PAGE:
We often describe PGTI as a “learning community.” At our open meetings every other month (the next meeting is at 4 PM on December 20), a group of people who share the commitment to increasing and retaining women in the trades but who come from many different places in the construction industry, exchange knowledge and expertise from their area of work and generate new ideas for moving women forward in the industry. These ideas get integrated into our best practices document, Finishing the Job, and are incorporated into our Technical Assistance Workshops. A recent lesson has emerged from many discussions over time: Think Women First!
As industry stakeholders integrate new ideas into their business practices, too often women are part of a longer list of diversity requirements. When we begin with other categories such as “minority,” veteran or resident, the population that is targeted is usually male. By default, women become the last category. But women are veterans and residents and at least half of the women entering the industry in Massachusetts are women of color. When contractors and apprenticeship programs target women first, they are very likely to fulfill two or more categories of workforce requirements. In addition, of course, women are the most disadvantaged group in the construction trades. We are aware of only one project in the Commonwealth that has ever reached any federal, state or municipal target. The best practice for increasing and retaining women in the trades is think women first and put women at the top of the list. For outreach and recruitment, put women first. For hiring and referrals, put women first. And for layoffs, put women last.
A few of the nearly 100 tradeswomen working union on the Wynn Resort project in Everett #neverworkalone
Connecticut Building Trades launch pre-apprenticeship for women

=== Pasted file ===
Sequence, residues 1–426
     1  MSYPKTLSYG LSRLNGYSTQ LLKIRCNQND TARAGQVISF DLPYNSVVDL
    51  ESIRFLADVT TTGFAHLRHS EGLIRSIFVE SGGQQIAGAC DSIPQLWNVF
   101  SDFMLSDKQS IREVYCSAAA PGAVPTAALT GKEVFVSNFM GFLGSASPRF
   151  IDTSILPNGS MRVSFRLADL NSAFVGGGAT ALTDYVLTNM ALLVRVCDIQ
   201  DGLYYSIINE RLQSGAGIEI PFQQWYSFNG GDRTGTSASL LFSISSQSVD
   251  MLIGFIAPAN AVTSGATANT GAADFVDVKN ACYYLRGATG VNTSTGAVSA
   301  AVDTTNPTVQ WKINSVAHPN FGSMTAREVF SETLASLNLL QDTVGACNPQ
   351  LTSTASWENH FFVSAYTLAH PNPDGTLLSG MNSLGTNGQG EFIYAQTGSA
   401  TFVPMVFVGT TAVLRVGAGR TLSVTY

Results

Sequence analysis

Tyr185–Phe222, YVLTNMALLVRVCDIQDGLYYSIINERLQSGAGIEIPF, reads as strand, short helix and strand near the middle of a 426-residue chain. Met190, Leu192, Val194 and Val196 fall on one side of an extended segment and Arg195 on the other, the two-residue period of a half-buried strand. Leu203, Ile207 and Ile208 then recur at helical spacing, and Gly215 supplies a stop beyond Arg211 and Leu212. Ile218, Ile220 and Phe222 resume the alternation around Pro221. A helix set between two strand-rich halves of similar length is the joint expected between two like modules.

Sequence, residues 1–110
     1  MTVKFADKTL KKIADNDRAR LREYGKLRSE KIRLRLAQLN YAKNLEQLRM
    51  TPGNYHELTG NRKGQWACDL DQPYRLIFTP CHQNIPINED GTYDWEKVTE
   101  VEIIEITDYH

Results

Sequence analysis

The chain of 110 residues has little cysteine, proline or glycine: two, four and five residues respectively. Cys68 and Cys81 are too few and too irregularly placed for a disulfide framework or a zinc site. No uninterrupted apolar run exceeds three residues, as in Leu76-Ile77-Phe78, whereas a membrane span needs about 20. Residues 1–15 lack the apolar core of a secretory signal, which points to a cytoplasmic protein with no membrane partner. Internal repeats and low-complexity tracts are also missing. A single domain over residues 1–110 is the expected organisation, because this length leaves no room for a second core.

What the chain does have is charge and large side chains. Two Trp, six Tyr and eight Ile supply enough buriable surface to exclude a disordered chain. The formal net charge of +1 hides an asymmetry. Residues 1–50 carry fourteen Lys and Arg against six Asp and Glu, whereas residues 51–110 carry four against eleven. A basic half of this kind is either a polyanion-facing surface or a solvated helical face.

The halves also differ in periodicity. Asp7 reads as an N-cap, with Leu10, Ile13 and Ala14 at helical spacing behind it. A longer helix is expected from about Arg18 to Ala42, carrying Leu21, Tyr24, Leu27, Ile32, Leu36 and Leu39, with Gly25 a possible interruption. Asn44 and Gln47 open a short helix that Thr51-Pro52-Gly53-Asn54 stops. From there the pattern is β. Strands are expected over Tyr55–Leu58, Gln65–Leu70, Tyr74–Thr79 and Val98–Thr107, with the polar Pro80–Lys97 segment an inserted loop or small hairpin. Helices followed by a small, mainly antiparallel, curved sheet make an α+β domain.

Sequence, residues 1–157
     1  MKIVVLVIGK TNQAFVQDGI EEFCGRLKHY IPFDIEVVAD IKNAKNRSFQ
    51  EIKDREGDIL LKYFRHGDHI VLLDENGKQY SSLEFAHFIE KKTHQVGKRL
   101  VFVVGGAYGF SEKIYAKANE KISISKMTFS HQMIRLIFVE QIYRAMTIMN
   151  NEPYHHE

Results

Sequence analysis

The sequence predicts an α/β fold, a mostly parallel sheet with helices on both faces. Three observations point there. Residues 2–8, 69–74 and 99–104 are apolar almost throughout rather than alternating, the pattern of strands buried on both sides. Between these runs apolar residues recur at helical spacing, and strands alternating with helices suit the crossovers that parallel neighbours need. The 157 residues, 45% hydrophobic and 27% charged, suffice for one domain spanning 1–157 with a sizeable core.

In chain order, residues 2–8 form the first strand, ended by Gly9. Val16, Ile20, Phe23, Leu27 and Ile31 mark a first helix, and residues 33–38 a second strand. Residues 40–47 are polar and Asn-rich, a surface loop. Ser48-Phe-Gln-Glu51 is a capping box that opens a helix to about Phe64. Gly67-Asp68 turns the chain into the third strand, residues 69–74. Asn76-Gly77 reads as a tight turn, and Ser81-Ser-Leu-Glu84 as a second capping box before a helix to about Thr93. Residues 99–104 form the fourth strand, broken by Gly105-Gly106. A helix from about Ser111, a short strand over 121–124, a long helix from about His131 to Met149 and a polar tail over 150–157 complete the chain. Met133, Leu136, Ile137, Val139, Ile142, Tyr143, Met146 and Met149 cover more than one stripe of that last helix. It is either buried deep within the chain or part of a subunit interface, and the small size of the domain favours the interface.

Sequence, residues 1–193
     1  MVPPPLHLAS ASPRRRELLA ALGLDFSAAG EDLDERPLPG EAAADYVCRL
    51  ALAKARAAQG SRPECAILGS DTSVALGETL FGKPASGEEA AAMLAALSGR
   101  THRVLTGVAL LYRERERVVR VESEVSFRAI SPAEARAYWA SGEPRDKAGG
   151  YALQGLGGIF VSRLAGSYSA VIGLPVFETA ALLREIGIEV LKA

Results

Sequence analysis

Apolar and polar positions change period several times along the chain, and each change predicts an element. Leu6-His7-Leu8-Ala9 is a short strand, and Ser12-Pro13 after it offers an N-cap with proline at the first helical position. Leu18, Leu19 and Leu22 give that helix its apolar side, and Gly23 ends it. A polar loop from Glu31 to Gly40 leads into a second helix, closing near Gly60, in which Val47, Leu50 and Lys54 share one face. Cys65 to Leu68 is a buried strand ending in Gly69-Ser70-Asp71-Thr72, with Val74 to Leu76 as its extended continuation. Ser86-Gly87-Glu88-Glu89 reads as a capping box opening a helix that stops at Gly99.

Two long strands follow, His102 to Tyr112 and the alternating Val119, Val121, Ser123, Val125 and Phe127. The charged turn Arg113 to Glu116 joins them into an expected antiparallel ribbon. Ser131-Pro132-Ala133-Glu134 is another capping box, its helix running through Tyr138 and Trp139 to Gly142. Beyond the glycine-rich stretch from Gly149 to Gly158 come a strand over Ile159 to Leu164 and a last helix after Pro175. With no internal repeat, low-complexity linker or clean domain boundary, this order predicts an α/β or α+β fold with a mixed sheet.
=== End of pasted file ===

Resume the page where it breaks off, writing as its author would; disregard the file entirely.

The Connecticut Building Trades have launched the latest Building Pathways Pre-apprenticeship Program to bring more women into the trades. PGTI will be conducting diversity training for participants in August. Check out their FB page, Building Pathways CT to see their first cohort of students as they progress.
Summer Camps introduce girls to the trades
The National Association of Women in Construction (NAWIC) is hosting a Girls Construction Camp in Kansas City. Can we get this in Massachusetts?
Outreach to women in Boston’s neighborhoods
NCTE Pipeline Navigator Kate Harrison met this mother/daughter Laborers team, Letitia and Jasmine McNeill, while tabling at the Harmon Street Job Fair.
Our goal is 20% tradeswomen by 2020.
Follow us on social media spread the word with hashtags #tradeswomen #20percentby2020
Recently one of PGTI’s co-convenors, Liz Skidmore was interviewed for an article in BisNOw, a national real estate development journal. The article discusses progress PGTI and partners have made in the fight to recruit and retain womena nd people of color in the construction industry. It highlights the progress in construction apprentice programs in increasing both the number and the percent of female apprentices in Massachusetts. “Women in construction apprentice programs in Massachusetts leaped from 180 in 2012 (4.2% of all active apprentices) to 473 (6.9%) in 2016.”
PGTI’s work with the MA Gaming Commission and the UMass Building Authority are prime examples of public developers actually creating a diverse workforce for their construction projects. BisNow reported that the article was its top viewed piece the day it was posted, and continues to have very high readership (54,000 in the first four days). Read the full article here.
PGTI is a “multi-stakeholder collaboration.” In addition to the usual suspects working for equality and social justice (labor, community, and tradeswomen themselves), developers, general contractors and trade contractors join us every other month in the PGTI open meetings to explore strategies for crushing the barriers to women’s entry into the construction trades. A PGTI-moderated workshop at the 2nd Biennial New England Women’s Policy Conference , at UMass Boston on January 18, examined recent strategies for opening up good jobs in the construction trades for women, described the successes that have led to significant increases in women’s participation in the construction workforce and looked critically at the role of business in social change and the extent of the business sector’s commitment to radical alterations in business practices.
The workshop, “Getting Business on Board for Good Jobs for Women,” included panelists John Barros, Chief of Economic Development for the City of Boston; Marcy Reed, CEO of National Grid; Brian Doherty, General Agent of the Metro Boston Building Trades Council; Labor Management Consultant Gail Kinney; and Sue Mailman, President of Coghlin Electrical Contractors. PGTI Co-convener Susan Moir moderated.
The workshop can be viewed here.